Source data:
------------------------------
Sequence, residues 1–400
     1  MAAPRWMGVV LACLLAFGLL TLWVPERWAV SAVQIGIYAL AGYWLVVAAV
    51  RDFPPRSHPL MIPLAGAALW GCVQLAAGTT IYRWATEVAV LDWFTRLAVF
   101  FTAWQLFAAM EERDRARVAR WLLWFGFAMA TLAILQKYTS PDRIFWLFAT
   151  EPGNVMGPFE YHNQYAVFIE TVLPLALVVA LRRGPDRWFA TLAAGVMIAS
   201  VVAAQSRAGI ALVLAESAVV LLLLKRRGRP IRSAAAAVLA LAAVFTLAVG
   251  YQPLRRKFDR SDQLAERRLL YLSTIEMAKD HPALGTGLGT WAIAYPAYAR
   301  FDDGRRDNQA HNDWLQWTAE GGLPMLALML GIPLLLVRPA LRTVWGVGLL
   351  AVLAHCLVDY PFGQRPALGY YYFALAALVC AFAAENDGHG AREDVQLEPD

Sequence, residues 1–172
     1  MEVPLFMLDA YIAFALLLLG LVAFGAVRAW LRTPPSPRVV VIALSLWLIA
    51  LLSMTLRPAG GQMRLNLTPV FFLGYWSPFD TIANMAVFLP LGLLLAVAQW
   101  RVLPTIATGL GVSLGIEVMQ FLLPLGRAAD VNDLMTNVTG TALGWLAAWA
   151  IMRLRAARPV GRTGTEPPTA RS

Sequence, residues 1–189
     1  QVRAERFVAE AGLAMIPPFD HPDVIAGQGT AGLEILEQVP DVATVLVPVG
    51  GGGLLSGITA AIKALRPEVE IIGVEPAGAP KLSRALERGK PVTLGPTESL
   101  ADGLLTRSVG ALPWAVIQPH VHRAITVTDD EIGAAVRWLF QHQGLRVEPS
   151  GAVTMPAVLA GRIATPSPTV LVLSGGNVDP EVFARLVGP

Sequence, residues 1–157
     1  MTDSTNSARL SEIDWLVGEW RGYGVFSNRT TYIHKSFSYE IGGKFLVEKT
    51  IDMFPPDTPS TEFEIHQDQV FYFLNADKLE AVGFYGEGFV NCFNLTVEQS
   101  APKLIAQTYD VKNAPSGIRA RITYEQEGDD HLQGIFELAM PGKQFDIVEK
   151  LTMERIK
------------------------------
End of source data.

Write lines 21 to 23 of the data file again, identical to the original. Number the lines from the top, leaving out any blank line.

     1  MTDSTNSARL SEIDWLVGEW RGYGVFSNRT TYIHKSFSYE IGGKFLVEKT
    51  IDMFPPDTPS TEFEIHQDQV FYFLNADKLE AVGFYGEGFV NCFNLTVEQS
   101  APKLIAQTYD VKNAPSGIRA RITYEQEGDD HLQGIFELAM PGKQFDIVEK